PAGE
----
McNabb talks Hall of Fame and Final Four; ex-GM Jerry Angelo reveals Draft Day secrets


PHILADELPHIA - NOVEMBER 29: Quarterback Donovan McNabb #5 of the Philadelphia Eagles scrambles during the game against the Washington Redskins on November 29, 2009 at Lincoln Financial Field in Philadelphia, Pennsylvania. The Eagles won 27-24. (Photo by Drew Hallowell/Getty Images) *** Local Caption *** Donovan McNabb
(Donovan McNabb photo courtesy of Philadelphia Eagles)

Talk of Fame Network

The Talk of Fame Network’s four-week NFL draft series kicks off with visits from former Chicago Bears’ general manager Jerry Angelo to discuss the draft from a front-office point of view and former first-round pick Donovan McNabb, who drops by to talk about drafting a quarterback as well as an NCAA tournament using insider information.

Our Talk-of-Fame Network hosts, Ron Borges, Rick Gosselin and Clark Judge, delved into the process Angelo used to build Super Bowl teams in Tampa and Chicago, and, while they found it’s exhaustive, surprisingly Angelo revealed he was not a believer in having a deep draft board.

“At the end there were probably 75 players we wanted,’’ Angelo said. “Normally, that would get you through the draft. It’s a misnomer to think it’s a big list (of potential draftees).’’

Like most GMs of his time, Angelo bemoaned missing on Tom Brady, who was the 199th player selected in the 2000 draft. Angelo tells how he once asked Patriots’ coach Bill Belichick where he’d gone wrong, bemoaning what he felt was Brady’s lack arm strength in college.

“A lot of people are kicking themselves on that one,’’ Angelo said.

McNabb becomes Hall-of-Fame eligible next year but says he’s “not worried’’ because his goal was never to get to Canton. It was to get to Washington, D.C., to do something other than play the Redskins.

“My dream was somehow to get to the White House and shake the President’s hand,’’ McNabb said of searching for a way to win the Super Bowl.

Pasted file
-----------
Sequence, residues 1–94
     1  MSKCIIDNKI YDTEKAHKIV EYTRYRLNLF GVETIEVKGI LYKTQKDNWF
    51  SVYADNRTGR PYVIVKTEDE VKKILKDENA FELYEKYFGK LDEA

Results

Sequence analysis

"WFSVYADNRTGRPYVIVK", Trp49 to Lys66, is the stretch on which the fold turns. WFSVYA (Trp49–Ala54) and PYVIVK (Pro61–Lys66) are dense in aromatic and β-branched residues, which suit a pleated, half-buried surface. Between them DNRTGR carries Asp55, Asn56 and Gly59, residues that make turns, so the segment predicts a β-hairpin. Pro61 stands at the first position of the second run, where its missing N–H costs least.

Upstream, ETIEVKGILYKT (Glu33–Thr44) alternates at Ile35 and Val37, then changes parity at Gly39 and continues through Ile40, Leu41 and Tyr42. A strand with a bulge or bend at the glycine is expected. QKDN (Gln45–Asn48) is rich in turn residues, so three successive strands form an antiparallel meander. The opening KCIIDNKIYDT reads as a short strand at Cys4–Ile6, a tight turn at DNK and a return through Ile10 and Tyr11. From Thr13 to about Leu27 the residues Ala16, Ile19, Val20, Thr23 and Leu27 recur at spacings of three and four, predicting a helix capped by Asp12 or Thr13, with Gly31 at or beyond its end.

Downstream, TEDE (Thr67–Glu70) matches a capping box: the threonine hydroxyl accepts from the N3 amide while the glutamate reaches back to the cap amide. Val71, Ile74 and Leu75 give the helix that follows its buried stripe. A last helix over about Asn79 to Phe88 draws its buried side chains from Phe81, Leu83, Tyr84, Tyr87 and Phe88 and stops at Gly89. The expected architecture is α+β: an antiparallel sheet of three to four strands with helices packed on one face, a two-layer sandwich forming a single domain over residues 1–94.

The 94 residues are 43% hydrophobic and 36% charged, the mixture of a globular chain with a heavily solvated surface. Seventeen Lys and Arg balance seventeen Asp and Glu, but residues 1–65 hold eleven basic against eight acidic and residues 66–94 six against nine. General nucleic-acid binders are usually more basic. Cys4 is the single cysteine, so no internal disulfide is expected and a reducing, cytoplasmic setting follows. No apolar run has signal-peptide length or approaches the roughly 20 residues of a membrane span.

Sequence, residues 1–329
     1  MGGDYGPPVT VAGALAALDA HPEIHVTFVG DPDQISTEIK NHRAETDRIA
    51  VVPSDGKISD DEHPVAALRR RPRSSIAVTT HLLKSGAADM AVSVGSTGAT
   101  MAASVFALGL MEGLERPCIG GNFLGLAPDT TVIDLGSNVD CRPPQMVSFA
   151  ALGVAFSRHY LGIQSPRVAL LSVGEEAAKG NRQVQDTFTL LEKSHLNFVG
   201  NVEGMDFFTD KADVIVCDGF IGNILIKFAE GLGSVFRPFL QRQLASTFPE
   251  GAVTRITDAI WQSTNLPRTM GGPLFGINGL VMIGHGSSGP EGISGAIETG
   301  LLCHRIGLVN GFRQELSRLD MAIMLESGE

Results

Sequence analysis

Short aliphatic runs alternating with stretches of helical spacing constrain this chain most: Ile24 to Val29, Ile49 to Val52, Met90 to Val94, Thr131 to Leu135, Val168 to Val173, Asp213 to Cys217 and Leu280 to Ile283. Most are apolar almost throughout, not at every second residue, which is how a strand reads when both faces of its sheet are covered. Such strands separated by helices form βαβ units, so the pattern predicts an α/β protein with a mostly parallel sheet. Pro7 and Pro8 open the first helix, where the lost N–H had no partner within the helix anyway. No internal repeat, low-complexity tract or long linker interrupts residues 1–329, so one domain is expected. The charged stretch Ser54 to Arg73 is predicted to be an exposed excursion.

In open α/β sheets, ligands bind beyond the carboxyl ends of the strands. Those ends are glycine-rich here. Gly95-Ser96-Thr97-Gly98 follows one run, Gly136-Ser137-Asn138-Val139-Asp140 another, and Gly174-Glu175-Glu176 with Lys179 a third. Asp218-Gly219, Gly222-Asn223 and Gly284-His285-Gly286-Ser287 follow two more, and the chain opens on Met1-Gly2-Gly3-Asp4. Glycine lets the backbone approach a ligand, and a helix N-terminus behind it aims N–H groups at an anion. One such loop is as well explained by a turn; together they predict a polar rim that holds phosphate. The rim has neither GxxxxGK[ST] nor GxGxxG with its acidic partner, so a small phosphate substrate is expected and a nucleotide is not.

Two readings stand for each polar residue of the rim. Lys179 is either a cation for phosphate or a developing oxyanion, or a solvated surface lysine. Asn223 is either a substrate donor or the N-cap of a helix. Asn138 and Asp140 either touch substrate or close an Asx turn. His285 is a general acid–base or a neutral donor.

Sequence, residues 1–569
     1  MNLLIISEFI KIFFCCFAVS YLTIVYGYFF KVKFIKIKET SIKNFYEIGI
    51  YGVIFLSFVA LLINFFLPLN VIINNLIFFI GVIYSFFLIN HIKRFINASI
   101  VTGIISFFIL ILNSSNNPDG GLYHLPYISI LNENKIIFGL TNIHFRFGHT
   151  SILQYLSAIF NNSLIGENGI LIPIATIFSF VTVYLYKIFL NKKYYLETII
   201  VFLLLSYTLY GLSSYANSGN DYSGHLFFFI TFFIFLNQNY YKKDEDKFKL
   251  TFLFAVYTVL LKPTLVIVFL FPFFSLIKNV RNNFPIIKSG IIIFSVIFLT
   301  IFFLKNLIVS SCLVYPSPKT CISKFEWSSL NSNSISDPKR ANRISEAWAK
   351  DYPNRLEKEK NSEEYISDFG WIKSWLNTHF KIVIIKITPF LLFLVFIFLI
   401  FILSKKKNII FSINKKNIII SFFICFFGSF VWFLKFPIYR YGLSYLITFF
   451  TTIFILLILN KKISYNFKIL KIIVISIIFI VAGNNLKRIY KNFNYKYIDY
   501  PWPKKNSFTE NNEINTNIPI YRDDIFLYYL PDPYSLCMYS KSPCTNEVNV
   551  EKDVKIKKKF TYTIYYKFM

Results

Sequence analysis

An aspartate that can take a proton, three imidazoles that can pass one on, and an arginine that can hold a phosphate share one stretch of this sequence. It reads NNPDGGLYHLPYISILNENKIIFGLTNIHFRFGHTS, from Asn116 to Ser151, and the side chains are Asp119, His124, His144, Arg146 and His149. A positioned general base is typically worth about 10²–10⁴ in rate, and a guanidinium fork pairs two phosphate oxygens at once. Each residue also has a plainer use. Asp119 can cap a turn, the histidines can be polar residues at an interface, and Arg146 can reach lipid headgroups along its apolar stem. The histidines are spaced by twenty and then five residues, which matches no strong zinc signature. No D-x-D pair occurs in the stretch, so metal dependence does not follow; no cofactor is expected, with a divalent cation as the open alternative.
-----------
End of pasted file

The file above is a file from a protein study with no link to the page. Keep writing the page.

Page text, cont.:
He’ll be more on pins and needles this weekend when his beloved Syracuse Orange men and Orange women compete in the Final Four, although he has split loyalties in the latter. McNabb played on Syracuse’s 1996 national championship finalist team and so he bleeds orange. But his niece, Kia Nurse, plays for the University of Connecticut, the undefeated defending women’s champion.

Whom will he support? Tune in to find out.

Our guys also discuss this week’s hot topics, including a number of troubling comments made by NFL owners minimizing the growing connection between concussions and long-term disability among retired NFL players, while entertaining Hall-of-Fame voter Tony Grossi, who discusses the Browns’ acquisition of Robert Griffin III and what it means for the franchise.

Ron argues this week’s State Your Case, laying out the credentials of Fred Taylor, the Jacksonville Jaguars’ running back he feels is the most underrated back of his era. Taylor’s production may surprise you.

Gosselin, our resident Dr. Data, also reveals some stunning facts about quarterbacks drafted on the first round. Since the AFL-NFL merger in 1967, 102 have been selected in that round … but you may be surprised how few took their original teams to the Super Bowl.

It’s also April Fools Week, so the guys recall the biggest April Fools in the NFL — with Ron relating a draft story in which it was the Patriots who got fooled when their phone lines got crossed with his on Draft Day.

There’s all that and much more this week on the Talk of Fame Network. You can hear the full two-hour show on 80 radio stations around the country, on the TuneIn app or by going to iTunes and downloading the podcast of this or any past show. You can also listen on your computer by going to talkoffamenetwork.com and clicking on the microphone icon.

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